maths and science

Maths and Science Can’t Save Our Country

The so-called STEM subjects won’t save education, nor our economy.

maths and science

The latest student riots have put education in the spotlight. The students are re-deploying an old argument of the intellectual and political establishment – education can save our society (particularly the sciences) therefore it should be free for all.

The irony is that the violence of the riots and the lack of any meaningful dialogue around the conflict only shows the need for a new kind of education that goes beyond just preparing people for the workplace.

We need an education that helps us see and understand the big issues that have always either inspired or plagued human beings.

Simply getting a basic degree is not going to be enough anymore, if we are going to resolve all our national crises.

Unless young people are given cultural capital, the ability to think, read, and to grapple with the history of what it has meant to be human, technical and scientific knowledge has no soil in which to thrive. Science, Tech, Engineering, Maths (the STEM grouping) will lose their magical ability to advance society.

After all, humanity is human first, scientist second.

A while ago, I delivered the following paper to an English teachers’ conference about this shriveling of the humanities, and why it is so ominous.

I honestly believe that this week our country is reaping the fruits of a systematic attack on the humanities.


Defending the Classics

My speech today is entitled ‘Defending the Classics’.

I am passionate about passing on the best ideas of western civilization to a younger generation, because I believe those ideas make for a life well lived.

But in preparing for today I realised that questions of curriculum cannot really be considered without a prior discussion of what education is for. When we know why we teach, what we should teach becomes obvious. So this is what I will focus on for the next ten minutes.

Every good English teacher I have ever met has been an interesting person, somebody who wants to live ‘the examined life’, who is intrigued by his or her humanity and the humanity of others, who has a sense of wonder at existence.

This leads me to conclude that most of us chose English because the subject is about everything. It is not a specialisation such as accounting or geography (as noble as those subjects are) but an avenue to explore life itself.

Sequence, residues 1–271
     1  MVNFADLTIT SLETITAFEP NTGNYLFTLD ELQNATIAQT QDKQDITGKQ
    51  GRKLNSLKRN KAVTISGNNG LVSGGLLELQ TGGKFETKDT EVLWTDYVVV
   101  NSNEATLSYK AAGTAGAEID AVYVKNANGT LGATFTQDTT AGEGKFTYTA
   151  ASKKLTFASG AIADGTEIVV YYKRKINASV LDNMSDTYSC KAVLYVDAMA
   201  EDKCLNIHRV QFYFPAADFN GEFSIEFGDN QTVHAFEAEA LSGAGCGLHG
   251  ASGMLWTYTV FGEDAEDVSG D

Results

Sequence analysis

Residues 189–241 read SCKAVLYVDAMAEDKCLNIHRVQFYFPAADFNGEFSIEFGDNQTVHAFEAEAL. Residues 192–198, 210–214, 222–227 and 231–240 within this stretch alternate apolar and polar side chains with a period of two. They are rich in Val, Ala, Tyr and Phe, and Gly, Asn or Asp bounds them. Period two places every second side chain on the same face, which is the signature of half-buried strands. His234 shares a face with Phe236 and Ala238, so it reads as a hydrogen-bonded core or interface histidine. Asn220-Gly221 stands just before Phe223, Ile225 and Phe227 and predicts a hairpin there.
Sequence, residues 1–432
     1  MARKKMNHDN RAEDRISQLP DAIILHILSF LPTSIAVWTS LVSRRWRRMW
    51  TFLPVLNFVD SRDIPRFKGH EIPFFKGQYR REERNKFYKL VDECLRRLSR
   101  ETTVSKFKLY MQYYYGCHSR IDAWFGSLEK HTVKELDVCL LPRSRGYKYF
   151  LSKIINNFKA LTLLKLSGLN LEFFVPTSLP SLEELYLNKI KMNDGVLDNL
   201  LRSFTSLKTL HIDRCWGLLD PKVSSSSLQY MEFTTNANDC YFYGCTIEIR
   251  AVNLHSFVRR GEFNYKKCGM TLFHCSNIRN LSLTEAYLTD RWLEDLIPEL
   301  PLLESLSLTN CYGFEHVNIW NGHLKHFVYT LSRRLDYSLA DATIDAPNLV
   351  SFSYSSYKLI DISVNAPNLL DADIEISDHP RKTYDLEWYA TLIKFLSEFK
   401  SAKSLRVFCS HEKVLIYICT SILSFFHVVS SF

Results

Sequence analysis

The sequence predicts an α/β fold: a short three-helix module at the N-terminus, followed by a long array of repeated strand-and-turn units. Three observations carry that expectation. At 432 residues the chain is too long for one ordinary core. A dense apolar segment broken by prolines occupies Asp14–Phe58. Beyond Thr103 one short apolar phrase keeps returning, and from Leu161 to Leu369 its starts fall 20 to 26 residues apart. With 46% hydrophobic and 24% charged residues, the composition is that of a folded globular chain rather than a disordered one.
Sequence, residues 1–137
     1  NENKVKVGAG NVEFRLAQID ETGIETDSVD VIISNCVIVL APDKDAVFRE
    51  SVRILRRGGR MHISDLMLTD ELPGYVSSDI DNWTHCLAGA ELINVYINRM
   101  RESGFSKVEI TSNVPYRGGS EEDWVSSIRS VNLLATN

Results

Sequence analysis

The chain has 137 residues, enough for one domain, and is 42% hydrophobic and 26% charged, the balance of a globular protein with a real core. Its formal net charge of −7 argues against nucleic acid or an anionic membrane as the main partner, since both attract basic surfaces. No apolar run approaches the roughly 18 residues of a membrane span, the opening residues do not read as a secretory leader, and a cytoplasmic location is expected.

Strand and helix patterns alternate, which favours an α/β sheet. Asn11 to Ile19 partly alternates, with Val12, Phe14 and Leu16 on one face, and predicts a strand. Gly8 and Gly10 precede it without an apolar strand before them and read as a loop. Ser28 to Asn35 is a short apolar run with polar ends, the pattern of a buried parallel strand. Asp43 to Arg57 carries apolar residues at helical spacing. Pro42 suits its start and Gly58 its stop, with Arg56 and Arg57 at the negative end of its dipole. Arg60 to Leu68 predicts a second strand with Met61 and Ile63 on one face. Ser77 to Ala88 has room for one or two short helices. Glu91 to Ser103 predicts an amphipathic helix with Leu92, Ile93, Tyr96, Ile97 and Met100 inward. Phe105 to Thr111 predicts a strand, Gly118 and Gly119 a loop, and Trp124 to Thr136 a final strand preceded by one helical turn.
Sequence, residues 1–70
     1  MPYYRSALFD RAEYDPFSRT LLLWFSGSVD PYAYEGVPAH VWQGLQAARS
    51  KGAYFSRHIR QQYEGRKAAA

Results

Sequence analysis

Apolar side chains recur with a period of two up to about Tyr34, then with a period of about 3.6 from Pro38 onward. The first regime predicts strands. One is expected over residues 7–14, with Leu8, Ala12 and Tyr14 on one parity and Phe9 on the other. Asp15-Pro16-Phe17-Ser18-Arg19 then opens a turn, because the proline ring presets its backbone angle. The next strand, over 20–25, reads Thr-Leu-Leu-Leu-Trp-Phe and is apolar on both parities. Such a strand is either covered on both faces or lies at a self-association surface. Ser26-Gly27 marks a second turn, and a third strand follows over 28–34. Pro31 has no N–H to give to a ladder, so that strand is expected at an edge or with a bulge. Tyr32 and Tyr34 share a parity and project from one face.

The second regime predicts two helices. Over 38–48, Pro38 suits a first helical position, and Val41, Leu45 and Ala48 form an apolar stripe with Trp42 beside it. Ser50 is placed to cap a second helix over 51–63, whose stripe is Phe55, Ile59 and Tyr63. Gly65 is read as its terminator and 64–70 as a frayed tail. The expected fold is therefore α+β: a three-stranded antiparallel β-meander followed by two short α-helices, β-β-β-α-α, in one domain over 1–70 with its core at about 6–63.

But the reality is we live in a world in which education is undergoing a seismic shift. No longer is education seen as formation, a venture into life, but rather often as the simple transfer of information.

The sciences are dominating and even extinguishing the humanities. And that is a serious problem, because science only makes sense as a function of humanity. Science and logic never exist in the abstract – yet that is the very premise of modern education.

And that premise is founded on a series of myths.

Tamsin Meany, a Swedish professor, speaking at Nelson Mandela University at a conference hosted by the Southern African Association for Research in Mathematics, Science and Technology this year, noted that the entrenched dogma of modern education (namely, that maths teaching leads to economic growth, that success in education ends poverty and that regular assessment raises standards) are myths completely unproven, but convenient in a world in which children are seen as commodities.

JM Coetzee writing in the foreword to UCT English professor John Higgins’ book, ‘Academic freedom in a Democratic South Africa’ states that, ‘All over the world, as governments retreat from their traditional duty to foster the common good and reconceive of themselves as mere managers of national economies, universities have been coming under pressure to turn themselves into training schools equipping young people with the skills required by a modern economy.’

My great fear is that we, as school teachers, have without much thought bought into this highly radical re-envisioning of education. And in the process we are on the cusp of changing English into a subject better described as Communications 101.

At times, I find myself sympathising with radical education activist, John Taylor Gratto, who, after winning New York public school teacher of the year award three times gave an infamous speech in which he regretfully declared that in actual fact he has never taught English, but rather has only taught ‘school’. And that is why he has won so many awards in a rotten system of falling literacy.

So what does it mean to teach school instead of English?